The aim of this audit is to obtain reasonable assurance in two areas - firstly, to ensure that the company's financial statements are prepared on a fair basis and that they reflect the reality of the company's activities; secondly, the auditor provides assurance that the company is preparing its accounts in accordance with applicable legislation and is therefore comparable with other companies.
The statutory audit is further defined in the Accounting Act, which also provides the criteria for a company to have its financial statements audited. All large and medium-sized enterprises (except for selected enterprises that are not public interest entities) and small enterprises that have met the following criteria in the last year (and the year immediately preceding) are required to have their financial statements audited:
The number of criteria that need to be met for the audit obligation varies from company to company - for joint-stock companies, it is sufficient to meet only one of the three conditions, for other companies it is two conditions.
Both natural persons and legal entities can carry out the audit - in both cases similar (professional) requirements for the performance of the activity apply and it is up to the company whether it appoints a natural or legal person as its auditor. Given the fact that auditing is a time-consuming activity, it is common practice for larger companies to appoint legal persons who, through their staff, have a greater capacity to carry out all the necessary activities within a reasonable timeframe. In addition, the verification of the financial statements by a well-known auditing firm can lead to greater credibility of those statements.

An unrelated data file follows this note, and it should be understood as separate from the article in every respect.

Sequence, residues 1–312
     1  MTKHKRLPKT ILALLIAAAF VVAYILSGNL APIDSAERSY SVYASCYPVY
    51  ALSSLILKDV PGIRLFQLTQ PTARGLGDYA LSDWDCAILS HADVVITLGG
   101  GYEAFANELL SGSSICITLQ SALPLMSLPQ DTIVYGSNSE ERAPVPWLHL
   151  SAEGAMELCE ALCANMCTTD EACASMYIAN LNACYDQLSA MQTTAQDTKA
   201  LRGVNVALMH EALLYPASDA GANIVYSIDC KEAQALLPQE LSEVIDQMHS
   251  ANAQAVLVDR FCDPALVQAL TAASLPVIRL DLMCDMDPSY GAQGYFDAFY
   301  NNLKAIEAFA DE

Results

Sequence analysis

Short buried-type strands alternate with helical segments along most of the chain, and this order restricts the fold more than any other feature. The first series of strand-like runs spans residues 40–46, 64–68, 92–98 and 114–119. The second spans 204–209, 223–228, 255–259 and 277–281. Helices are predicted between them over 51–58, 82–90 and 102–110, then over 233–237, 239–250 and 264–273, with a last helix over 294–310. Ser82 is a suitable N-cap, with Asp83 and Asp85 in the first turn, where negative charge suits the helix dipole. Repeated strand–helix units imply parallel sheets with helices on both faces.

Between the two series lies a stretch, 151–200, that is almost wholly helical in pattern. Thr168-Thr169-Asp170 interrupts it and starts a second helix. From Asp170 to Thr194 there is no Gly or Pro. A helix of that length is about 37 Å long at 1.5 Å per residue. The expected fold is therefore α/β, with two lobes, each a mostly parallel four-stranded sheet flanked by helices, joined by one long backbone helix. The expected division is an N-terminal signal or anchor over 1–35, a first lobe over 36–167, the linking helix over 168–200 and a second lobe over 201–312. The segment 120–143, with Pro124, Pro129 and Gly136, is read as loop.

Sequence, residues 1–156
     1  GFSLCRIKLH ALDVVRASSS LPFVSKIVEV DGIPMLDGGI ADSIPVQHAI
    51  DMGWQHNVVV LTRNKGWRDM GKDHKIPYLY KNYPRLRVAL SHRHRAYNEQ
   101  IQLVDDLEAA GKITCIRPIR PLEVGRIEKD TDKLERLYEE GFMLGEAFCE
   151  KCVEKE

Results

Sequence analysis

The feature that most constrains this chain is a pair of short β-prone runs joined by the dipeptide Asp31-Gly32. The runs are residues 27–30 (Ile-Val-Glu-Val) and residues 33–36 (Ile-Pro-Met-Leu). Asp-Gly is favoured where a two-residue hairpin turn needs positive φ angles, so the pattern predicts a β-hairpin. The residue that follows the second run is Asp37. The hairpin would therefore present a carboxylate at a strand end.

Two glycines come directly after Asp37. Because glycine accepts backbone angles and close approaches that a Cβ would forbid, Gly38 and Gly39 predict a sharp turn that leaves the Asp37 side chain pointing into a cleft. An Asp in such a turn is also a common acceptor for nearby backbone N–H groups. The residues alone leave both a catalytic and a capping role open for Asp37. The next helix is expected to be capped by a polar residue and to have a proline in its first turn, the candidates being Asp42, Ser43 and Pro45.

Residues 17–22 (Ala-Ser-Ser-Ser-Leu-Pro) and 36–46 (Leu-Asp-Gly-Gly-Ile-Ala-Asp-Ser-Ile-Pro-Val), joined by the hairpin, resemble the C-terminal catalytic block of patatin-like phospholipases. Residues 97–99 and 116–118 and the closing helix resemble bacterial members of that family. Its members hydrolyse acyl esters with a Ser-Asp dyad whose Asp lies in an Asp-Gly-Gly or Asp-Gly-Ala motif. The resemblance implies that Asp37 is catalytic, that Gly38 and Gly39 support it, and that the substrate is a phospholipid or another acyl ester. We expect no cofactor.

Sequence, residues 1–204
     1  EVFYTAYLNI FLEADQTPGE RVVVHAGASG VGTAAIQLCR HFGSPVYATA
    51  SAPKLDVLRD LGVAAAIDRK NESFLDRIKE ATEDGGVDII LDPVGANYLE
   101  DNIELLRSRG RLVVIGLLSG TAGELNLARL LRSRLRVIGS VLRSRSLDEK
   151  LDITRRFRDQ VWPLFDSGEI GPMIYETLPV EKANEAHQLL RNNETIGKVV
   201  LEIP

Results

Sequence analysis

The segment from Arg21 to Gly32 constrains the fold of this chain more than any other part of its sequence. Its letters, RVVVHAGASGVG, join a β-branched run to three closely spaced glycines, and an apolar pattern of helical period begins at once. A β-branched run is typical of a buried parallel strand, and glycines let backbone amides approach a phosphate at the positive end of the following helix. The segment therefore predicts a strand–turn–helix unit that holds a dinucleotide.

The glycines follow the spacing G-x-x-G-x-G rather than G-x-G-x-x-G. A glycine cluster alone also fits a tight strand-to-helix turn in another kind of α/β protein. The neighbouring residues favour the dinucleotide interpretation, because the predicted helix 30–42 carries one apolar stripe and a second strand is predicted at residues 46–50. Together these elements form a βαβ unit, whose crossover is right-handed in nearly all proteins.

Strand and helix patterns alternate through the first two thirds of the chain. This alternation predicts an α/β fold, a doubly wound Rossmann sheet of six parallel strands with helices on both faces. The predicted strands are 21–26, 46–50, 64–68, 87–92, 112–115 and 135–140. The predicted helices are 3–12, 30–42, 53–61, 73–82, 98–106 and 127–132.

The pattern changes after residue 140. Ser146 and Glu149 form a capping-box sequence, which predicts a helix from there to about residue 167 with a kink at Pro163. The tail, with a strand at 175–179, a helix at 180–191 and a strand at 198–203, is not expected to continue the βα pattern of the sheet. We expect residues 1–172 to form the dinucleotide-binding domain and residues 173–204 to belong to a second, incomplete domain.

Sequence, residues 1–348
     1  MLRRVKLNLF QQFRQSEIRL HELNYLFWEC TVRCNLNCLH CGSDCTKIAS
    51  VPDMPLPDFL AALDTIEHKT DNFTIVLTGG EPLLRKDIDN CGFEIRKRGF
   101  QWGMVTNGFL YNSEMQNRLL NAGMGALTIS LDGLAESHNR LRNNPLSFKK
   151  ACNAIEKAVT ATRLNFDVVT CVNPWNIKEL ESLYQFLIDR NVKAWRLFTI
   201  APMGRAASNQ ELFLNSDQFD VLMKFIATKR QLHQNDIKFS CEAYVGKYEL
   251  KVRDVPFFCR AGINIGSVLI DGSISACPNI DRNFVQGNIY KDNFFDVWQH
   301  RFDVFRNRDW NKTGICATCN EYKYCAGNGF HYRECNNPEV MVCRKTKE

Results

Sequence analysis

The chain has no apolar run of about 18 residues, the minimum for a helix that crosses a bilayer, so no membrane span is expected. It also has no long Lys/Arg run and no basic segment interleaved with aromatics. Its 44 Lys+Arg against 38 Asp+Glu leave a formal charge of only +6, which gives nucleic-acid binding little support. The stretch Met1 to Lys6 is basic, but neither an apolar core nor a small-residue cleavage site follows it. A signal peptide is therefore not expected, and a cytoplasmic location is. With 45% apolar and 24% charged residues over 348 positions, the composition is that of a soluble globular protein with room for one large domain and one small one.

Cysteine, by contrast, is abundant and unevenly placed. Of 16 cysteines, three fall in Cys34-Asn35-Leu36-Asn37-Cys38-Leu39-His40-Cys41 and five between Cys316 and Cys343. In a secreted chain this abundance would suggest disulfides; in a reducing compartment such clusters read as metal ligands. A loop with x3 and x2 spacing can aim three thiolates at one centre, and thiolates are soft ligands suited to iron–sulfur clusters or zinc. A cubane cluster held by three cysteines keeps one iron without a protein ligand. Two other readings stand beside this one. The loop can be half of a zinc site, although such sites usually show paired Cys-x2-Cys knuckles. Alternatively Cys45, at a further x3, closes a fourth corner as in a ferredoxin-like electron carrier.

If a company is required to have its accounts audited by an auditor, it must bear in mind that the auditor cannot be appointed simply by anyone - the appointment must be approved by the highest authority of the company (e.g. the general meeting of shareholders in the case of a public limited company or the statutory executive in the case of a limited liability company) and the auditor must be given the appointment in writing to put in his/her file. Without the necessary appointment, the audit contract may be considered void and it is therefore a good idea to make the appointment before the end of the audited period - although the law does not set any time limits for the appointment, a late appointment may limit the scope of the auditor's work (e.g. due to the inability to attend the annual stock take), which the auditor must highlight in his report. Appointments can be made for more than one year, but it is a good idea to specify the timeframe of the appointment to avoid any doubt.
Last but not least, it is necessary to bear in mind that the audit is verification by an independent person, and the auditor must therefore be independent of the company - both from a personal point of view (e.g. the auditor cannot audit a company where his wife is in charge of the financial statements) and from the point of view of the given contract (e.g. the fee for the audit should be based on the complexity of the audit and should not, in any case, be based on its result).
In today's article, we have looked at the obligation to have the financial statements audited by an auditor - in the next article we will look more at the actual audit process.
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